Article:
My brother knocked on my bedroom door at our childhood home. “It’s happening,” he said. I jumped out of bed, threw on a sweatshirt, and ran downstairs to my parents’ room. All my siblings and I had moved away from home years before. But that week, we’d returned to the house with the cedar siding and floral wallpaper, not for a holiday or a celebration, but to be there when Mom died.

We had known this day was coming. About seven months earlier, the oncologist said she didn’t think my mom would make it until Christmas. But here we were on a February morning, weeping and listening to those final guttural breaths the hospice nurse warned us about.

Cancer had devoured my mother’s body. Her skin hung over her bones and the smile she held on to as long as she could had faded. She was ready. And I was ready for her to not be in pain, for her to not have to deal with bed sores and fight to put air in her lungs and consume a whole pharmacy’s worth of medication just to take the edge off.

After she died, my dad, sister, and I removed her soiled clothes and dressed her in the clean outfit she’d picked out a few weeks before. I’d helped take care of her for months, but these few minutes caring for her limp frame undid me. I didn’t expect her to feel so heavy. When alive, she had been skin and bones, almost no weight at all. I remember crying as we laid her back on the hospital bed and set her hands gently on her stomach. All there was to do now was wait for her body to be picked up.

Eventually, two men arrived to take her away. But they came earlier than we had anticipated, so we asked for more time. Can you come back later? Don’t take her quite yet. Please. They understood, and kindly returned after a few hours, wrapped her in a black bag, and carried her out the front door. Just like that, she was gone.

I remember that moment as if it were yesterday. I remember feeling, as Leif Enger wrote in Peace Like a River, “a grief so hard I could actually hear it inside, scraping at the lining of my stomach, an audible ache, dredging with hooks as rivers are dredged when someone’s been missing too long.”[1] That scraping hurt like nothing else I’d ever experienced. God denied our prayers. He said no to our pleas for her health. 

Along with her body, the hope of healing left in a black bag out our front door.

When It’s Too Hard To Hope
Sometimes, our hopes feel like milk bottles stacked in a pyramid shape in a carnival game. Life is the baseball, aimed, thrown, and knocking down each hope one by one. We hope the treatment will work. Smack! We hope our marriage will heal. Smack! We hope our finances will turn around. Smack! We hope justice will be served. Smack! Life hits those hopes hard, and down they crash. It’s all too tempting to give up, believe nothing is going to change, and sink into despair.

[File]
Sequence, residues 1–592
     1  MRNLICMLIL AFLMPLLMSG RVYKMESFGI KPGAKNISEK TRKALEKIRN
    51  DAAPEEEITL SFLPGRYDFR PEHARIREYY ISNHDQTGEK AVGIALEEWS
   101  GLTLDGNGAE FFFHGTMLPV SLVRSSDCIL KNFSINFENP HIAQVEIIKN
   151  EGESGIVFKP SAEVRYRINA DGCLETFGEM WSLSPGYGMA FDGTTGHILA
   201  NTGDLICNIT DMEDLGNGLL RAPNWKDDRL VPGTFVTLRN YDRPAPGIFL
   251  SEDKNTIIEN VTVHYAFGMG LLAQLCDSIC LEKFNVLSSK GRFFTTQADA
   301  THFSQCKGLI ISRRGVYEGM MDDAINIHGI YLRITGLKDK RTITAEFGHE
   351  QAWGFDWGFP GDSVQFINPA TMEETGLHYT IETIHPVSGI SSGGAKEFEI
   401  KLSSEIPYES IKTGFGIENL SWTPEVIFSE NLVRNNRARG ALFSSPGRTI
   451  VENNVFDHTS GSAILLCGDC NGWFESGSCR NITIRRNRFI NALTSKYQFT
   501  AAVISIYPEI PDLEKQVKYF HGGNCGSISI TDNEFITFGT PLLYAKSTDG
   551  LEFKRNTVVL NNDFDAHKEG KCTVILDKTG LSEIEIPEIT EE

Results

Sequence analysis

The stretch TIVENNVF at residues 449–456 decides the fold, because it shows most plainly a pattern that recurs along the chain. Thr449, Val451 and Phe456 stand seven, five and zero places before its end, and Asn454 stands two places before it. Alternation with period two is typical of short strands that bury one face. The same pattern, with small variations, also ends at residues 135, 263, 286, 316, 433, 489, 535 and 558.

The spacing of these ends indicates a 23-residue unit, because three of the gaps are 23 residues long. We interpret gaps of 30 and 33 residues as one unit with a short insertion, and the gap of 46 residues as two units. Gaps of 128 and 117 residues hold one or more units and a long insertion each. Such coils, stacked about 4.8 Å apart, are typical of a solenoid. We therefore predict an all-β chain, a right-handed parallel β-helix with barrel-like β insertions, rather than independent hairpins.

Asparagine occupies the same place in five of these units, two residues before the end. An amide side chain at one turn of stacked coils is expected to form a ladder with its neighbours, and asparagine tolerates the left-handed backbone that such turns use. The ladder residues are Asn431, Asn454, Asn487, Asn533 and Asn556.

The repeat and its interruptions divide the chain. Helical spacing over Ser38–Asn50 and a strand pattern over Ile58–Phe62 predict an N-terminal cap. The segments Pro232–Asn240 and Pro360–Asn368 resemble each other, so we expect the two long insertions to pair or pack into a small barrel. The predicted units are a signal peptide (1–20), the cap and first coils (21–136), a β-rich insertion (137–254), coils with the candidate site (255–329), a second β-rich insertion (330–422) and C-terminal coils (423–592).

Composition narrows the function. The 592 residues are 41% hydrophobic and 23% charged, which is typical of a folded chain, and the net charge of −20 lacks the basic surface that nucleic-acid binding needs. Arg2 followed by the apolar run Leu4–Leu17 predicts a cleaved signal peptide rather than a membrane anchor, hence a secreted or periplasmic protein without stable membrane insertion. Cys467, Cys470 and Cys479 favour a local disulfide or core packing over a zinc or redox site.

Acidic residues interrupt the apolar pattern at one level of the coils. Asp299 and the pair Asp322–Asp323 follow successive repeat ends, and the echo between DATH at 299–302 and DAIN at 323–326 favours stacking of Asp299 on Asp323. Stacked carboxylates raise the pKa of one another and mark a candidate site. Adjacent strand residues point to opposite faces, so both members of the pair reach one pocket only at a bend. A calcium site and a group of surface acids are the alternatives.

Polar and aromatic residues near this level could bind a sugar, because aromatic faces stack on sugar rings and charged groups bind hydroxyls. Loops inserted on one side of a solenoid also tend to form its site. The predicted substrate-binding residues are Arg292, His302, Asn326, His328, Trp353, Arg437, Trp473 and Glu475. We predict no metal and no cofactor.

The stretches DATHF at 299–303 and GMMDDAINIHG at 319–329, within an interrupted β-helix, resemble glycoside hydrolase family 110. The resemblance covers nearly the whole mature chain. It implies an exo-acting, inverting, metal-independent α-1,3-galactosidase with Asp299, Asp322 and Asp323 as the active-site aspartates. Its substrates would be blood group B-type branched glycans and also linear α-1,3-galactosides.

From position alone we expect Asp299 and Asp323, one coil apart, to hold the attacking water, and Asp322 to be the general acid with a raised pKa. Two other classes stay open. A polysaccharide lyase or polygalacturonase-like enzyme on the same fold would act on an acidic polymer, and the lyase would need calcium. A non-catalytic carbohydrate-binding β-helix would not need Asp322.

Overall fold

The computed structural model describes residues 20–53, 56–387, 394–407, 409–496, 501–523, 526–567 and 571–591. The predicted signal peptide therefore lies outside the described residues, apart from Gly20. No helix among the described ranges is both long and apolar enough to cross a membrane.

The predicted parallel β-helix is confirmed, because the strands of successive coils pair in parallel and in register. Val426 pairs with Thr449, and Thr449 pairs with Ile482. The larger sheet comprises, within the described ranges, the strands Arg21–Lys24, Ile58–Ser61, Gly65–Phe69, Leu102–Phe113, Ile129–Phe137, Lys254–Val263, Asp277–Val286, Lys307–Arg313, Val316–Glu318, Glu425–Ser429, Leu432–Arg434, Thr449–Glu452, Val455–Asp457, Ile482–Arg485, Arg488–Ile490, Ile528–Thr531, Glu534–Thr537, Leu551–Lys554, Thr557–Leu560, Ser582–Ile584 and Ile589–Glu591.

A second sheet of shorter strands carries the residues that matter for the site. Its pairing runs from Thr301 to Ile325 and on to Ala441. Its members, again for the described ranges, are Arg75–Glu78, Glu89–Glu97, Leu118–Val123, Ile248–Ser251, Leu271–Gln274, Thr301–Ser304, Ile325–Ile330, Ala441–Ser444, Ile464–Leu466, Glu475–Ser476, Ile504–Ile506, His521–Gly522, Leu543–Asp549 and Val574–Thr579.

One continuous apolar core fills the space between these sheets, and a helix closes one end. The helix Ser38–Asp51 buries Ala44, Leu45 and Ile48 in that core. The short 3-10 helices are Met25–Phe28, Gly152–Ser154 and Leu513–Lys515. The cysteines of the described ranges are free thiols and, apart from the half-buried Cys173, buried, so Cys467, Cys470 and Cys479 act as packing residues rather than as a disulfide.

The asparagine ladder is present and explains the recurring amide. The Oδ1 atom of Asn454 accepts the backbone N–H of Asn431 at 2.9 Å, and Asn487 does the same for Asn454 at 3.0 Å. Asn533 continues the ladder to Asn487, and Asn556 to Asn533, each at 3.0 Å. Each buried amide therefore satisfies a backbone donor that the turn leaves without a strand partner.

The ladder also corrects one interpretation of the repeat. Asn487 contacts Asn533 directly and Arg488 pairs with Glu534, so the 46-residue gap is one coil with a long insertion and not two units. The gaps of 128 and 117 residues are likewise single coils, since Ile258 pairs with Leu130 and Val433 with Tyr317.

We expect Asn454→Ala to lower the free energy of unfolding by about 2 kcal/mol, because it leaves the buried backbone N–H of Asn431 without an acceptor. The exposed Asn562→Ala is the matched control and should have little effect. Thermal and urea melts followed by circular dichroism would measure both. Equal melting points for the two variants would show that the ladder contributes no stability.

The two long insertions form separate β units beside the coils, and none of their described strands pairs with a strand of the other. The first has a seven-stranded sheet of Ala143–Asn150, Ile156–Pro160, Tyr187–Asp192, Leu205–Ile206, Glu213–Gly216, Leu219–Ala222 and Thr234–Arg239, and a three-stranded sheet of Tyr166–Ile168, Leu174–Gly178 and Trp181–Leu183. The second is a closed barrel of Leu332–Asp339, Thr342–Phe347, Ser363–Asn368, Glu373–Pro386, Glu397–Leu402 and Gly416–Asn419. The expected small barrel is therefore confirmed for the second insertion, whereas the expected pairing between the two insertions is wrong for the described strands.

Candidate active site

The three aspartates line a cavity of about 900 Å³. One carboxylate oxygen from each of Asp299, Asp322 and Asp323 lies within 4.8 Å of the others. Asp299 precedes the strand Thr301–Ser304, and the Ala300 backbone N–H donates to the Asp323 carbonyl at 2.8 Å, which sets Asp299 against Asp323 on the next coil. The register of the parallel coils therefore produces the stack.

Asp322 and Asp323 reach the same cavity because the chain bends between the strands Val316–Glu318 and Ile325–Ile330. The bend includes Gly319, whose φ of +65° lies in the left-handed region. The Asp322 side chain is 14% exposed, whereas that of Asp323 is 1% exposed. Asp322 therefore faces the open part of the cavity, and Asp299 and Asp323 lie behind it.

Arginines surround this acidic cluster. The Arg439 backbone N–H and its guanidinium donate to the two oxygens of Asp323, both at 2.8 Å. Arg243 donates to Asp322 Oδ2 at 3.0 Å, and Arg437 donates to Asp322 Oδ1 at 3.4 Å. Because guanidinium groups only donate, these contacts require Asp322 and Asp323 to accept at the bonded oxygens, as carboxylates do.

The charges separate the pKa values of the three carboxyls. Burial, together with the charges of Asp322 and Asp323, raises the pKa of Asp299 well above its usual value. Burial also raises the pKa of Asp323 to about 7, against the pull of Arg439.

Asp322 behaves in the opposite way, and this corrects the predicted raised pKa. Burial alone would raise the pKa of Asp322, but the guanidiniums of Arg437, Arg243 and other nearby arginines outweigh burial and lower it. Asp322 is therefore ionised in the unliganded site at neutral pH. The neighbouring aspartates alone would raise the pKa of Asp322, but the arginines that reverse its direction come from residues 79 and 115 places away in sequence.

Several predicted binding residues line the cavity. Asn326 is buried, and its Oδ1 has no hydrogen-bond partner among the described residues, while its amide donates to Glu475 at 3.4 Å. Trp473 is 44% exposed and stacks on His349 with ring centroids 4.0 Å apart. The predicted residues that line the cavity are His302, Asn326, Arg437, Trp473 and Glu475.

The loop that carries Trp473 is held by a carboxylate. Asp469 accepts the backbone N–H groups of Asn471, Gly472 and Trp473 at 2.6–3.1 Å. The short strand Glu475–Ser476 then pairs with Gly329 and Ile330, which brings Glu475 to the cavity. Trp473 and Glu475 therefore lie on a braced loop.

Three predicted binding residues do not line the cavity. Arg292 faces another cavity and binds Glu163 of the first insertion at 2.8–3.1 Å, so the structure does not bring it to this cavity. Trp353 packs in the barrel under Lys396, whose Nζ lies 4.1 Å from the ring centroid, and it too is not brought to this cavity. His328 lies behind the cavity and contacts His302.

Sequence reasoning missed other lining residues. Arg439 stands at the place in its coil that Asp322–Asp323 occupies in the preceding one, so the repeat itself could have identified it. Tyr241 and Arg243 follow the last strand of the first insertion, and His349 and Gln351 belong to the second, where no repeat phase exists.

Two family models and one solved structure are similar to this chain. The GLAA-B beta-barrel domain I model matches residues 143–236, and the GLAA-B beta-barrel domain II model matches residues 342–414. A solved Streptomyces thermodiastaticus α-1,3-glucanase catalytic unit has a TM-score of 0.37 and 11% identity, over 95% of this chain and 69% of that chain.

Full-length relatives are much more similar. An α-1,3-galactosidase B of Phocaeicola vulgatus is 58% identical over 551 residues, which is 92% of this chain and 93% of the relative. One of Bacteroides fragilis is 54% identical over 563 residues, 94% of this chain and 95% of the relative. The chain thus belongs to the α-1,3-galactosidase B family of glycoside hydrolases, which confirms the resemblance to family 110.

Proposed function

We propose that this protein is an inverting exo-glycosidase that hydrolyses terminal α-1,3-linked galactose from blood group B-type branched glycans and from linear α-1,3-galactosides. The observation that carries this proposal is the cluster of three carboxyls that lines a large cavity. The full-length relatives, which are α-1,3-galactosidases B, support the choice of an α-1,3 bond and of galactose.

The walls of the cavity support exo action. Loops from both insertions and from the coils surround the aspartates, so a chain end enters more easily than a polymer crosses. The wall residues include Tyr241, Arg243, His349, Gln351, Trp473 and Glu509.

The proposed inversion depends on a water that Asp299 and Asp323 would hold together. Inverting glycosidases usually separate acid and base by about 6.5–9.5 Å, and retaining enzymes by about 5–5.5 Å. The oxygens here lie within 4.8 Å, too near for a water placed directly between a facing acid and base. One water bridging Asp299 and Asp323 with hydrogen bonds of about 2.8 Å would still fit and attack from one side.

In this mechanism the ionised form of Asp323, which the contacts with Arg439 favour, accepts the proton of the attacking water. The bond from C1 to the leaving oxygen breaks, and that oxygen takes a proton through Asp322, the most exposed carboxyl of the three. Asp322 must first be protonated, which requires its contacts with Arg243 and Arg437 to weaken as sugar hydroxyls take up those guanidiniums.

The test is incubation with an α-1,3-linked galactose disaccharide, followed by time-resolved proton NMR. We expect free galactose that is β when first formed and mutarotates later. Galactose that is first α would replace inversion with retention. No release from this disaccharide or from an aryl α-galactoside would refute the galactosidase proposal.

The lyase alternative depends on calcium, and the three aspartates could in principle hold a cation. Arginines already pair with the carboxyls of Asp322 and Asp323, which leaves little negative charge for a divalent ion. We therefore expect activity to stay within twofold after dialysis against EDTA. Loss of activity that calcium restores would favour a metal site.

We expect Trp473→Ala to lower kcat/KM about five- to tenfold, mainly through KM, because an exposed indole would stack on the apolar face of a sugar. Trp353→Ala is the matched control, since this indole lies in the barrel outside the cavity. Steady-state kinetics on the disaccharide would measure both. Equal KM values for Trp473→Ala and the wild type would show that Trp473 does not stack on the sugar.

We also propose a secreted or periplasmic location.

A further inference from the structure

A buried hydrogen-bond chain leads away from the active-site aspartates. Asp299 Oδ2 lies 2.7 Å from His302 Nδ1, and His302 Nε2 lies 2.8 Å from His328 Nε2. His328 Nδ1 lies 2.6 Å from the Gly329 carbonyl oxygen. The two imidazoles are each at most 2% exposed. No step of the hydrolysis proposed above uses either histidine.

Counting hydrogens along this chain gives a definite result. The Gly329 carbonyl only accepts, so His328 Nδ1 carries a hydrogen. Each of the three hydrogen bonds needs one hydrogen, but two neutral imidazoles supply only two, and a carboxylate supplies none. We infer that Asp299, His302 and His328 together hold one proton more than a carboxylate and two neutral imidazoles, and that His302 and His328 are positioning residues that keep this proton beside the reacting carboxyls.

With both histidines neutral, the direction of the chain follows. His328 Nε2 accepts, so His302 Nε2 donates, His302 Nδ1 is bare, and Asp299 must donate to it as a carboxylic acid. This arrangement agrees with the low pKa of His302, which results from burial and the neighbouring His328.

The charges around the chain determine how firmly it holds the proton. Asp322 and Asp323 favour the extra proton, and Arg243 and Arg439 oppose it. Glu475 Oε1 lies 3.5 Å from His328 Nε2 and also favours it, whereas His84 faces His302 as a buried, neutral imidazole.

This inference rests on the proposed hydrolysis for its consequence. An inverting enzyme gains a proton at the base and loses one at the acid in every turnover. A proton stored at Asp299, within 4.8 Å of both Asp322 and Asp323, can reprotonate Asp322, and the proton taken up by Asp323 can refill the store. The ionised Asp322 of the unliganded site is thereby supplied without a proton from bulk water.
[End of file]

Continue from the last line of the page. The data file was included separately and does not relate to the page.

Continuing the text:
Despair says hope has run dry. Despair looks at our circumstances and declares, “Why bother trying? Just give up.” Despair is the phrase spoken by Job’s wife when she said, “Curse God and die” (Job 2:9). Even for those of us who have grown up hearing the Christian message of hope, despair still lurks around the corner, waiting to pounce when hope feels weak. Grief forces you to ask if your hope is real and if it’s worth holding on to.

I knew my mom loved Jesus. And I believe in my head God will one day raise her body back to life. But watching her be carried out in that bag through the door caused me to reckon with the truth of my hope in a way I’d never had to do before. That body will come back to life? Seriously, God?

When we look at our circumstances, despair can seem far more in line with reality than hope. Hoping a dead body will one day walk around healed and restored and glorified . . . that truth doesn’t align with what my eyes saw that morning. Holding on to the hope that justice will one day roll down like waters doesn’t make sense when we watch people get away with corruption and abuse and all kinds of evil. Hoping God will remake a world coming apart at every seam—that kind of hope feels foolish. Where is God? Why bother holding onto him when he leaves us with all (waving my hands wildly) this?

Waiting on God
We’re not the only ones who have been tempted to despair. The Old Testament prophet, Habakkuk, grieved the wickedness and injustice he saw in Israel, and he was angry God didn’t seem to be doing anything about it. “O Lord, how long shall I cry for help, and you will not hear? Or cry to you ‘Violence!’ and you will not save? Why do you make me see iniquity, and why do you idly look at wrong?” (Habakkuk 1:2–3a). When are you going to finally show up, God? To make matters worse, God answers that he’s doing something about it—he’s been working. And part of his plan includes using the nation of Babylon to bring justice.

This response seems to set Habakkuk over the edge. Babylon is more wicked than God’s people! How could a good God answer this way? After all, the Law said, “A land on which blood was shed could not be purified through sacrifice but only by shedding the blood of the murderer (Numbers 35:33). Thus, a city or society built by bloodshed and oppression cannot endure.”[2] The prophet appeals to God’s character, saying, “You who are of purer eyes than to see evil and cannot look at wrong, why do you idly look at traitors and remain silent when the wicked swallows up the man more righteous than he?” (Habakkuk 1:13). He wrestles with the way God is working. What’s happening in the world doesn’t jive with what Habakkuk thought he knew about God.